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It just occurred to me that in English, when we use what Spanish would refer to as the "imperfect tense", we are actually adding a mode of termination to the action. Whereas in Spanish, there is no termination of time.

For example

I used to eat pennies

When you hear this phrase, most people interpret it as, ... you don't still eat pennies. Sure, someone might be inclined to ask them, "Do you still eat pennies?" But, the speaker used the "imperfect" tense for a reason, and that was to indicate that they don't still eat pennies.

In Spanish, it would read

Yo comía centavos

This has three interpretations.

  • I used to eat pennies

  • I was eating pennies

  • I ate pennies

But, the spanish sentence is not complete without context. Without another action or state, no one reading that sentence would know when, where, why, who, etc...

In order to have the sentence make sense, you would need to add this missing context

Yo comía centavos cuando era joven

I used to eat pennies when I was young


A better example of this anomaly being demonstrated is in a quote by Mitch Hedburg.

I used to do drugs; I still do, but I used to too.

He extends and negates the "termination" of doing drugs into the present, simply by saying "I still do".


What I'm getting at is that, in English, we can get away without adding context, and when that context is absent, it implies termination.

Examples:

  • I used to run in the park

  • He used to pick his nose

  • They used to beat me

  • You used to swim naked

These all imply that the action is not happening anymore. It's almost as if the English version of the imperfect tense is... ditransitive?

I believe this question has been addressed before, but I feel as though I needed to gather more insight to what is going on. Why is our imperfect so... non-existent?

English translation of Spanish imperfect tenses

  • Simple Past vs Used To: ell.stackexchange.com/questions/49816/… – lurker Jan 9 '16 at 19:28
  • You're quite right, but your examples with used to may be misleading, since the idiomatic periphrastic modal used to has the sense of a past-but-not-present habit built into it. Note that until about 150 years ago it was still common to use this idiom in the present tense, too, and with that form the sense is imperfective: "He uses to eat pennies". – StoneyB on hiatus Jan 9 '16 at 19:46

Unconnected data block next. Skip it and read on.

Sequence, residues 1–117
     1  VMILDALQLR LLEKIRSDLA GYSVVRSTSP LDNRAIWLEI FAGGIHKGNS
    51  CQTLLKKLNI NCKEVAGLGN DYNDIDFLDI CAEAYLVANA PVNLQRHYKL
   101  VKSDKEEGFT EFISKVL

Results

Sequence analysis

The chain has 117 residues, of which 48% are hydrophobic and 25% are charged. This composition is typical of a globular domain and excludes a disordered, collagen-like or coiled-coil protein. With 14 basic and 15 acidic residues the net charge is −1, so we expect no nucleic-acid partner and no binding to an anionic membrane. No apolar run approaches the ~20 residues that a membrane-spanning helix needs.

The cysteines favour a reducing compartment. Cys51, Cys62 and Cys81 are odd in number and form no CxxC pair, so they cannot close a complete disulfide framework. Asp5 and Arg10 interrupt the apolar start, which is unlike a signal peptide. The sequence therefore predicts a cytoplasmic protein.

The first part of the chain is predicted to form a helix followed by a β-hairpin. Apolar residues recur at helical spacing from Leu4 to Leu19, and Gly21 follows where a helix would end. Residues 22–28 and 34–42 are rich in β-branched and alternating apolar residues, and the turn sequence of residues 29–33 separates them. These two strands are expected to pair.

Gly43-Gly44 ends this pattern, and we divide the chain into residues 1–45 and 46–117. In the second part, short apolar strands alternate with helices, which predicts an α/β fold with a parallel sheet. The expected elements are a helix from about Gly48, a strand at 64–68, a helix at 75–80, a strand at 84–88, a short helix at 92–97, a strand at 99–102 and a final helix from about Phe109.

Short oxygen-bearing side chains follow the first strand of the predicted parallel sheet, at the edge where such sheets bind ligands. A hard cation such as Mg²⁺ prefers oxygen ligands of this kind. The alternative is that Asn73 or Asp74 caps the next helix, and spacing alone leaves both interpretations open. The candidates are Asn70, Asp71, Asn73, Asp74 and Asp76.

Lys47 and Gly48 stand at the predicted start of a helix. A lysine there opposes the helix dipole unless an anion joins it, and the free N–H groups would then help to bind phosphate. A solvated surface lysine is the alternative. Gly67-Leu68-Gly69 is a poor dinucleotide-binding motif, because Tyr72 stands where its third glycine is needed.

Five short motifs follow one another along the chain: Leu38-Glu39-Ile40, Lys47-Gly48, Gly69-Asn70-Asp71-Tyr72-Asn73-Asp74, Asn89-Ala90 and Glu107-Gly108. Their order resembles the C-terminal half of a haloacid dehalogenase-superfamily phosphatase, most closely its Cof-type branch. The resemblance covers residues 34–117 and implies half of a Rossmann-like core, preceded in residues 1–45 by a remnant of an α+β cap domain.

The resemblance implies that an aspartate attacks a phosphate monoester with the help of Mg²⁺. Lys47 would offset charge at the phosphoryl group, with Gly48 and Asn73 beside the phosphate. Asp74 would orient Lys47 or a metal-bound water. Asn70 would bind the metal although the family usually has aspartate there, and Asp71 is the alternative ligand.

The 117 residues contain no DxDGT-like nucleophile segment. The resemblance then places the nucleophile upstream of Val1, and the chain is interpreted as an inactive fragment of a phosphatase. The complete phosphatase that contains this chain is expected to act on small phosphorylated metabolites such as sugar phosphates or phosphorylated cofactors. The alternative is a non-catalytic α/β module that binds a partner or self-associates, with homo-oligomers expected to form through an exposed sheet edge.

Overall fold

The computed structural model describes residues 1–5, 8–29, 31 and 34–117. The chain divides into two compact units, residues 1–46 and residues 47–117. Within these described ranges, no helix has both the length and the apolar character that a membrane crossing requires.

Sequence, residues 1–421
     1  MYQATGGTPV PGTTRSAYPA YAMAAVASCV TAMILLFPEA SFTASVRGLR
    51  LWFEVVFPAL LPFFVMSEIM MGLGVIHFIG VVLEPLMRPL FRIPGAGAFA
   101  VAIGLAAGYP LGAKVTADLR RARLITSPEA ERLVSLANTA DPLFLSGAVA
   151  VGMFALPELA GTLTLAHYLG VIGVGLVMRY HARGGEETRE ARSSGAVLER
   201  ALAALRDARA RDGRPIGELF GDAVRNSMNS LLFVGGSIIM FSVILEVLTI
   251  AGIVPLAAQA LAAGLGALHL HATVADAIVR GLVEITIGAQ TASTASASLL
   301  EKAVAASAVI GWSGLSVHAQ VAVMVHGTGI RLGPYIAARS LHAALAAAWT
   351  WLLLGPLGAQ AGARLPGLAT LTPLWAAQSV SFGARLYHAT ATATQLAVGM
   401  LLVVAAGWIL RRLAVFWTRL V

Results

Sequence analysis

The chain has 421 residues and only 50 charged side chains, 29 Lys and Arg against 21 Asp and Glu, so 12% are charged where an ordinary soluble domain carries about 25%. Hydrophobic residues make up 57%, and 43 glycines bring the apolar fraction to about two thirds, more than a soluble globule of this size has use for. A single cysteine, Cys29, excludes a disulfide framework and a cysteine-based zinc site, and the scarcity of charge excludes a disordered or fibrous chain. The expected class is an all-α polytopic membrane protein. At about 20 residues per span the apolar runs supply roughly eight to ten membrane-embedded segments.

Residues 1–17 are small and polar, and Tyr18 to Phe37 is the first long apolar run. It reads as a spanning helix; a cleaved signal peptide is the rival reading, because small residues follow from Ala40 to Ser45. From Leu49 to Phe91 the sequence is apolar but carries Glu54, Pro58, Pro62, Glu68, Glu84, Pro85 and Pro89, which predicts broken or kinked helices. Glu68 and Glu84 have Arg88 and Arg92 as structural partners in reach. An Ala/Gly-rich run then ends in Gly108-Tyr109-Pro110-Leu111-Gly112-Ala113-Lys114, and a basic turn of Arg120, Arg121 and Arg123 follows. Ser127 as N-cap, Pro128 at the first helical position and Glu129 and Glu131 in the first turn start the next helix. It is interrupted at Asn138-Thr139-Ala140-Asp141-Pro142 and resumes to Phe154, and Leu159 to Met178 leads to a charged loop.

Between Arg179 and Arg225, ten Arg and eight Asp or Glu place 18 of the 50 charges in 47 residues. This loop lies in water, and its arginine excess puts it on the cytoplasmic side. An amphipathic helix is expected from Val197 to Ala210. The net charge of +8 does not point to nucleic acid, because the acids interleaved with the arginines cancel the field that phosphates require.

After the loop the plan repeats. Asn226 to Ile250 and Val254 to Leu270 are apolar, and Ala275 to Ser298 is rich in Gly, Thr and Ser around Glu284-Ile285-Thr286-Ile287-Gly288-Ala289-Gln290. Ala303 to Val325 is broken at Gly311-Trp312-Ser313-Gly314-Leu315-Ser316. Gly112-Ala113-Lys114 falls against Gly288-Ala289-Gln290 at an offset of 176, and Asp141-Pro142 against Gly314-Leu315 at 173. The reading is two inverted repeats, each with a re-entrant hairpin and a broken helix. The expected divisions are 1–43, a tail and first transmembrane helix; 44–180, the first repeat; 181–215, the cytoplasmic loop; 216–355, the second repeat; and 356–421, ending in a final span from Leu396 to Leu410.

• I used to -> Solia in spanish. – njzk2 Jan 10 '16 at 5:23
  • Since I don't see the word "inflection" on this page, one easy answer to "Why is our imperfect so... non-existent," suitable only for a comment, is that English is very weakly inflected, whereas the Romance languages are much more heavily inflected—because Latin itself was hugely inflected. They even came up with a third gender! To compensate for this lack of inflection (we really have only four verb forms) the language has evolved other ways to express things like the imperfect, e.g. I used to speak for hablaba. (As StoneyB points out, we need context just as Spanish does.) – P. E. Dant Aug 27 '16 at 0:31
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+50

The technical term for the default aspect expressed by the English "past tense" is perfective—it expresses an action seen from the outside, as a whole. As you say, it implies that the action is "terminated", complete.

That's why we never call this English verbform "imperfect".

Imperfectivity is expressed in English with the progressive (continuous) construction BE + VERBing.

HOWEVER—

Stative verbs—verbs like know, love, which express a state rather an action or event—may be used in the past form with an imperfective sense, because a state is assumed to persist until it is explicitly terminated.

John knew English.
John loved Anne.

And activity verbs—verbs like run, study which express an action which has no endpoint 'built in' to its sense—may be used in the past form with an imperfective sense in narrative sequence; in this case the verb is 'recategorized' as an inchoative, a verb which expresses the beginning of an activity.

Jack charged. John fled. Jack followed.

And telic verbs—those which do have built in endpoints, like fall, or eat with a Direct Object—may be used in the past form with an imperfective sense in contexts where the action can be understood as repeated or habitual.

I ate pennies when I was young.
I fell whenever I tried to catch that pig.

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